Enlarge
Abandoned British Colonial Building along Maidan (currently under renovation)

Geography

Calcutta is located in the eastern part of India at 22° 82' N, 88° 20'E.


The City of Palaces

Calcutta has a nickname, the "City of Palaces".


During the British colonial era in the period from 1700-1912, when Calcutta was the capital of British India, Calcutta witnessed a spate of frenzied construction activity of buildings largely influenced by the conscious intermingling of Gothic, Baroque, Roman, Oriental and Islamic schools of design. Unlike many north Indian cities, whose construction stresses minimalism, the layout in architectural variety in Calcutta owed its origins to the Occident. Thus it was possible to walk on a street in the European sector in Calcutta in the 1900s and confuse it for Saville Row, Southall or Pont des Artes.


The buildings were designed, and inspired by the tastes of the English gentleman around and the aspiring Bengalee Baboo (literally a nouveau riche Bengali who aspired to cultivation of English etiquette, manners and custom ).

Enlarge
The Howrah Bridge which spans the Hughli River, links Howrah to Calcutta.

This spate of construction by the Bengalis to rival the English did not go unnoticed. It was fully appreciated and fostered by the British who went on to construct some of the most aesthetically visible monuments in the city.


Nirad C. Chaudhuri has remarked that the Victoria Memorial was the only original architectural design by the British in Calcutta and not, as is believed by the Bengalis, a copy of the Taj Mahal of Agra.


Calcutta's skyline was European in form; in content it was Indian; thus earning the appelation of the City of Palaces.


Government House

Government House, Calcutta, built in the early 19th century, is modelled on Kedleston Hall. The House was once the seat of the Viceroys of India; later, when the Government moved to New Delhi, it became the residence of the Governor of Bengal, a function that it fulfils to this day. While the basic features of Kedleston have been faithfully copied (the Palladian Front, the Dome etc.), Government House is a much larger, three storeyed structure. Also, the Government of India evidently did not have the funding constraints that forced the Curzons to leave their house incomplete: Government House has all four wings originally conceived for Kedleston. So today, a 'complete', brick built Kedleston, on a much grander scale, sits incongruously in its acres of gardens in the heart of the Calcutta business district.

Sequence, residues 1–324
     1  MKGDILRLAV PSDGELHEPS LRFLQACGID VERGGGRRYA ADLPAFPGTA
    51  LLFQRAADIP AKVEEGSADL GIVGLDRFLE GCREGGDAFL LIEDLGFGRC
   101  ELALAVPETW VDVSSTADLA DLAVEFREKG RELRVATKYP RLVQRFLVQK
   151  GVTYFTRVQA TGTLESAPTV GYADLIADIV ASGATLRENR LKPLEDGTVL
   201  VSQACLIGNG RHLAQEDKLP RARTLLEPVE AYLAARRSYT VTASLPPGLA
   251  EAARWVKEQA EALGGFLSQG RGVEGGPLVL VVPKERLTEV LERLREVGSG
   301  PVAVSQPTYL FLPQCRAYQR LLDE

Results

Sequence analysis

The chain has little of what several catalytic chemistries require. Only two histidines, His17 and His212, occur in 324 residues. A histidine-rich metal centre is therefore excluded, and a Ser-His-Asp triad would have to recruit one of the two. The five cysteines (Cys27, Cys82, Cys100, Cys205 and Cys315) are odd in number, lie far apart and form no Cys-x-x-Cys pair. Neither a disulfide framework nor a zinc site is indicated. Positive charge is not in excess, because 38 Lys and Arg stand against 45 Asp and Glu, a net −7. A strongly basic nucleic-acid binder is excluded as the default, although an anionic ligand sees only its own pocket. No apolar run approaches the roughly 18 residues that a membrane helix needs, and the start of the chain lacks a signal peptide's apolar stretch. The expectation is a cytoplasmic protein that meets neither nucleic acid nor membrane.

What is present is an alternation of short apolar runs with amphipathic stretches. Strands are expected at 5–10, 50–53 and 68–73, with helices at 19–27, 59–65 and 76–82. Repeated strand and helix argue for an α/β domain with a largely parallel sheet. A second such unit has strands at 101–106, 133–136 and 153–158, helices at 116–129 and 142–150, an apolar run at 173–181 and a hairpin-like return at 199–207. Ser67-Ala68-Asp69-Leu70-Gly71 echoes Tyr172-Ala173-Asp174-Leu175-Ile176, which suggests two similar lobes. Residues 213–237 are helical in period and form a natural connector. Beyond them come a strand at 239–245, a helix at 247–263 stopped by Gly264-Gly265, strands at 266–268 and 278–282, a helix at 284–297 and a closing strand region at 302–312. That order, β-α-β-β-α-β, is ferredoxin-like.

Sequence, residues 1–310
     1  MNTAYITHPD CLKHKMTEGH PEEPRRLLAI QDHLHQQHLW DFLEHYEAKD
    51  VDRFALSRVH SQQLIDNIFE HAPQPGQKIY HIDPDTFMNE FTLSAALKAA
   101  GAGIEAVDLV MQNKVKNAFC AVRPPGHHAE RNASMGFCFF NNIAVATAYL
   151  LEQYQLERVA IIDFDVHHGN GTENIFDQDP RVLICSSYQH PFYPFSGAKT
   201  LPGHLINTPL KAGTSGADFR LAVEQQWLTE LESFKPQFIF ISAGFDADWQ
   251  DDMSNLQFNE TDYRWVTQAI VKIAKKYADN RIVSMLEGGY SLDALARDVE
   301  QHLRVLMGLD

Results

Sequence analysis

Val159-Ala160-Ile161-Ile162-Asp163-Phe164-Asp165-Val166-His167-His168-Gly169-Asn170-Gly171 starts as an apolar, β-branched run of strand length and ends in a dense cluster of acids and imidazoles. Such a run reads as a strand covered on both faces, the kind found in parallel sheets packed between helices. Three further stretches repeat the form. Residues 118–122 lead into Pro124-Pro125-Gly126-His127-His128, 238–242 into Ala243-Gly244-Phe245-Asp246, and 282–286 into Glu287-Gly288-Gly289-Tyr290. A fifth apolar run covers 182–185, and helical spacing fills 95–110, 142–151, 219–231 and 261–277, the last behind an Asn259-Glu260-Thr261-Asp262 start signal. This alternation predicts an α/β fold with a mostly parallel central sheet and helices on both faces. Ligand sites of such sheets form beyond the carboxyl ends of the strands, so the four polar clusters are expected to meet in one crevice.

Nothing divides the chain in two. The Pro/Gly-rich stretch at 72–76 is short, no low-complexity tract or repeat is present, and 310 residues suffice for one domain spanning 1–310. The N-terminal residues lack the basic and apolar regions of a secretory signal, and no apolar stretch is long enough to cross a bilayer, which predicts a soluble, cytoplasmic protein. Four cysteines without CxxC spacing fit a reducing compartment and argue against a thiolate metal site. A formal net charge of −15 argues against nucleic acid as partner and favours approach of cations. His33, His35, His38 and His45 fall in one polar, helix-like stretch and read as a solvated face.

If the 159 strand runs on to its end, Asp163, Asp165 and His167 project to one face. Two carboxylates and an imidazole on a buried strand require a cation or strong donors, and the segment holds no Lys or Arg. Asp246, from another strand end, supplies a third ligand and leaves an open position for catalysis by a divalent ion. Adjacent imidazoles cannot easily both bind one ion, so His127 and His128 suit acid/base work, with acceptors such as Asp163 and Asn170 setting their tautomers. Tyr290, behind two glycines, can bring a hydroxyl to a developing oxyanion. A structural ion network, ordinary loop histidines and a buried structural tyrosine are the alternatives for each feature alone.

Important Monuments

Enlarge
The Eden Gardens cricket stadium, seen in the distance, is currently the largest cricket stadium in the world.

The city is home to the National Library of India and famous in India for the grand book-fairs it hosts every winter. The oldest museum in Asia, the Indian Museum (established 1814), is also to be found in Calcutta. Other places to visit in the city are the Victoria Memorial, Calcutta High Court, Bankshall Court, Writer's Building, Jorasanko Thakur Bari, Marble Palace, Dakshineswar Kali Temple, Birla Temple, Rabindra Setu (previously called Howrah Bridge), Vidyasagar Setu (second Hooghly bridge), Nandan - Rabindra Sadan Cultural Complex, Shahid Minar (previously called Ochterlony Monument by the British), Kalighat, Bhoothnath, Science City , St. Thomas, Kolkata, Town Hall, Calcutta , Millennium Park promenade, Eden Gardens (a massive international cricket stadium), Whiteways and Laidlaw Building (currently known as Life Insurance Corporation of India building), Governor's House, Esplanade Mansion, Howrah Station, South Eastern Railway Headquarters, Calcutta Maidan and many more notable places.


Museums

  • Indian Museum
  • Town Hall, Calcutta
  • Marble Palace
  • Gurusaday Museum, Diamond Harbour Road
  • Jawahar Shishu Bhawan
  • Birla Technological and Science Museum
  • Science City

The Socio-Cultural Capital and Aesthetic Conscience of India

Calcutta has been regarded since ages as the cultural capital of India. It is famous for the book-fairs every winter.




Observers, Social Reformers and Commentators